Rationale for Biobased Chemicals ProductionThe production of chemicals from biomass, also known as bio-based chemicals, plays a critical role in creating a sustainable and environmentally friendly future, particularly as the world strives to reduce dependence on fossil fuels. Some of the advantages of biobased chemicals are listed below:
Approaches for the Production of Biobased ChemicalsThere are two main ways in which biobased chemicals can be obtained from biomass feedstocks:
How Celignis Can HelpAt Celignis our multidisciplinary team has strong understanding of: biomass chemistry, bioprocessing technologies, and the mechanisms and challenges involved in producing a wide variety of biobased chemicals. We are ready to work with you on developing a suitable bioprocess to either obtain your targeted biobased chemical from biomass or to obtain the most appropriate biobased chemicals from a given feedstock.
Xylitol Chemistry and ApplicationsXylitol is a five-carbon sugar alcohol, chemically classified as a polyol. It is a white crystalline solid that is soluble in water, with a sweet taste similar to that of sucrose. It has the chemical formula C5H12O5.
History of Xylitol ProductionThe history of xylitol production goes back to the late 19th and early 20th centuries. Xylitol was first discovered and isolated by German and French chemists in the late 19th century, though it remained a relatively obscure compound for several decades due to the lack of efficient production methods.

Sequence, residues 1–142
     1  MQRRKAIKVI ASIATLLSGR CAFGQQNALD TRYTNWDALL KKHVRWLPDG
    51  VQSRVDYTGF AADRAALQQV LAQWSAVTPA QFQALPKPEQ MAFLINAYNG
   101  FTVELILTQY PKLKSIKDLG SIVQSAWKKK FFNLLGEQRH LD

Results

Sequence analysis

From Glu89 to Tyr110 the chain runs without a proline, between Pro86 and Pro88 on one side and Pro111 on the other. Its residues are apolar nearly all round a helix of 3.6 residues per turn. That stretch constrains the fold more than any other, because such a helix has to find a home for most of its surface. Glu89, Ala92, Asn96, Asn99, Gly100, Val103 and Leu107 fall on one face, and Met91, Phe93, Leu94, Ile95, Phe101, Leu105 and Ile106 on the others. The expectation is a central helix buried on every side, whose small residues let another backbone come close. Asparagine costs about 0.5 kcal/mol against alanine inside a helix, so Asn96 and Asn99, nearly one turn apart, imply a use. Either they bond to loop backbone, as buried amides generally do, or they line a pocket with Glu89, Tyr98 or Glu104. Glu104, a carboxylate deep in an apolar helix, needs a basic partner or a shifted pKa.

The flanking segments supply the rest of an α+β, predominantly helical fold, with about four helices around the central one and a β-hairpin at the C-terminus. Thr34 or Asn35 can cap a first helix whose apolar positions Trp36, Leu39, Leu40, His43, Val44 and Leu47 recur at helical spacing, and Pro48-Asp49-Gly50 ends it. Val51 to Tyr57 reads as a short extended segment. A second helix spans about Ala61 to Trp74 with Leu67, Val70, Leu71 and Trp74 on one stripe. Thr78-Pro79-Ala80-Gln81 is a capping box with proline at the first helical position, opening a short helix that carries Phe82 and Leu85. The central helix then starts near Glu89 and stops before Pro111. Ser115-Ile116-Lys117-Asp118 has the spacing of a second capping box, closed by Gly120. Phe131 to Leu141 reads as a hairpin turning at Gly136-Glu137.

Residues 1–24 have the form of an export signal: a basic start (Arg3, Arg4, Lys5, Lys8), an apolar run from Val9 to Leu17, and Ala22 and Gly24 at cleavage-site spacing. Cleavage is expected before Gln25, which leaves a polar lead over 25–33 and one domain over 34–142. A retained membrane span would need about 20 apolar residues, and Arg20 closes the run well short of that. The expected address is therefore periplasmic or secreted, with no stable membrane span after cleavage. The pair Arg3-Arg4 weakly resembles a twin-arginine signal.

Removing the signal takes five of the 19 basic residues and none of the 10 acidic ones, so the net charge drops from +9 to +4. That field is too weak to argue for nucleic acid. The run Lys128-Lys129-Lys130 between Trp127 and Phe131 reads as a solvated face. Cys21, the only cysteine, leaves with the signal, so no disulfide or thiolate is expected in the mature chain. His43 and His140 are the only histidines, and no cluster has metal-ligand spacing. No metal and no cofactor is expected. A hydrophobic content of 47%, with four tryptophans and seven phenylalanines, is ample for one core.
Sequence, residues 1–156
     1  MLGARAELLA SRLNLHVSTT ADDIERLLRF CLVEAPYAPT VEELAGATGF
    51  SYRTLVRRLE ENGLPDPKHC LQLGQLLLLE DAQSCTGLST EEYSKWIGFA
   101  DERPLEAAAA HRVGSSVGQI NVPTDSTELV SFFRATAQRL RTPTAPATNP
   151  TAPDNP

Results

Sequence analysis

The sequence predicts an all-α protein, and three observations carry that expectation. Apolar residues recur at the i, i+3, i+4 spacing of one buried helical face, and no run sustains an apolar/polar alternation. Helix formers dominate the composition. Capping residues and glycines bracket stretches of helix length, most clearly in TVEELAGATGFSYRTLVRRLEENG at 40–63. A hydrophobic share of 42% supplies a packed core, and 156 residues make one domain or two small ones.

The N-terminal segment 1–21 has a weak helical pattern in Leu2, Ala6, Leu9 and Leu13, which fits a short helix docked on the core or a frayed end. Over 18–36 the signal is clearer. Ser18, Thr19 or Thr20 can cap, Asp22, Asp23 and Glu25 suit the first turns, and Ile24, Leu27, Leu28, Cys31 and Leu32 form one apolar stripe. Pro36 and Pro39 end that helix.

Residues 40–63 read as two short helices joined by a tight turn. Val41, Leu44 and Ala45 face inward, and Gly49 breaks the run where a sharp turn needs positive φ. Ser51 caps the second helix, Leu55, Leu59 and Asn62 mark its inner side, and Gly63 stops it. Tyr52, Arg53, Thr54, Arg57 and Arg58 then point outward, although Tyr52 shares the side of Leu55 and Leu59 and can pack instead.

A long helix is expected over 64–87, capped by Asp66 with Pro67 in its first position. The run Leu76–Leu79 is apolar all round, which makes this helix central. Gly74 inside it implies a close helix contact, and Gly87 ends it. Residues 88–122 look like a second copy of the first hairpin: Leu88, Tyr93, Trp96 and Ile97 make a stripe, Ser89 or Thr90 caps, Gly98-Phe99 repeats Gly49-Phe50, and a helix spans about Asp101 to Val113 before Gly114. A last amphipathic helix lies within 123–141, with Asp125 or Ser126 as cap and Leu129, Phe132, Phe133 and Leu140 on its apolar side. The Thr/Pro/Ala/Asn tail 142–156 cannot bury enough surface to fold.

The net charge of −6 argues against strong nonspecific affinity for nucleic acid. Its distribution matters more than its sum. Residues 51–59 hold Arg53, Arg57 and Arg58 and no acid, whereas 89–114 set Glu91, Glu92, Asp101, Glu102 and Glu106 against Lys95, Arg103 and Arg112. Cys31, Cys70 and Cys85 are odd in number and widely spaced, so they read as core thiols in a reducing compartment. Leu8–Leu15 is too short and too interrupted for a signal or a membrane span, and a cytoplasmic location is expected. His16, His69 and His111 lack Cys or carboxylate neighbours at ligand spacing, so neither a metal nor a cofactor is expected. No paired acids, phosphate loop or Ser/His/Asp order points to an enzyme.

Biomass Hydrolysis to XyloseXylitol is currently mostly produced from the pentose sugars (primarily xylose) present in the hemicellulose polysaccharides of lignocellulosic feedstocks.
Catalytic Production of Xylitol from XyloseThe chemical approach to xylitol production from xylose generally involves a process known as catalytic hydrogenation. The main steps and parameters of the process are described below:
Xylitol via Fermentation of XyloseAn alternative to the chemical approach for xylitol production is to use microorganisms, such as yeast or bacteria, that have the ability to convert xylose into xylitol. The process is essentially a specialized form of fermentation.
Chemical Vs Biological ApproachAdvantages of the chemical method over the biological method:
Xylitol from Hexose SugarsWhile xylitol is typically derived from the pentose sugar xylose, it is also possible to produce xylitol from hexose sugars like glucose, derived from the cellulose fraction of lignocellulosic biomass. This involves the use of certain microorganisms that can convert hexose sugars into xylitol. It is worth noting, however, that this process is less straightforward and efficient than the direct reduction of xylose to xylitol, and is still a subject of ongoing research.
Higher-Value Chemicals from XylitolXylitol can be also be upgraded to other higher value chemicals. Below are listed a few examples of chemicals that can be derived from xylitol:
1. Understanding Your Requirements
2. Detailed Feedstock Analysis
3. Hydrolysis to Xylose (Lab-Scale)
4. Xylitol Production
5. Xylitol Recovery
6. Valorisation of Remaining Biomass
7. Validation at Higher TRLs
8. Technoeconomic Analysis (TEA)
Has a deep understanding of all biological and chemical aspects of bioproceses. Has developed Celignis into a renowned provider of bioprocess development services to a global network of clients.
A dynamic, purpose-driven chemical engineer with expertise in bioprocess development, process design, simulation and techno-economic analysis over several years in the bioeconomy sector.
PhD (Analytical Chemistry)
Dreamer and achiever. Took Celignis from a concept in a research project to being the bioeconomy's premier provider of analytical and bioprocessing expertise.